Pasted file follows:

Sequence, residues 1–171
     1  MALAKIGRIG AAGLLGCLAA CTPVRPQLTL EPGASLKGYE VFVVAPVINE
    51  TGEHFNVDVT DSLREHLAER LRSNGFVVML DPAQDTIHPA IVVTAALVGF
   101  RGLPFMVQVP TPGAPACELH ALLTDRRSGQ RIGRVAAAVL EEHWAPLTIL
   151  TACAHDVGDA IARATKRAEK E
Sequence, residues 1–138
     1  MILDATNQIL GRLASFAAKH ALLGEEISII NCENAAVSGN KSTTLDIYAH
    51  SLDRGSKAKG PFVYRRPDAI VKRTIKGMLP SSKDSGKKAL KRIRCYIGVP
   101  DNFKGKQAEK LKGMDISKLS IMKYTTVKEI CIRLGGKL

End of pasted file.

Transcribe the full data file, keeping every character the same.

Sequence, residues 1–171
     1  MALAKIGRIG AAGLLGCLAA CTPVRPQLTL EPGASLKGYE VFVVAPVINE
    51  TGEHFNVDVT DSLREHLAER LRSNGFVVML DPAQDTIHPA IVVTAALVGF
   101  RGLPFMVQVP TPGAPACELH ALLTDRRSGQ RIGRVAAAVL EEHWAPLTIL
   151  TACAHDVGDA IARATKRAEK E
Sequence, residues 1–138
     1  MILDATNQIL GRLASFAAKH ALLGEEISII NCENAAVSGN KSTTLDIYAH
    51  SLDRGSKAKG PFVYRRPDAI VKRTIKGMLP SSKDSGKKAL KRIRCYIGVP
   101  DNFKGKQAEK LKGMDISKLS IMKYTTVKEI CIRLGGKL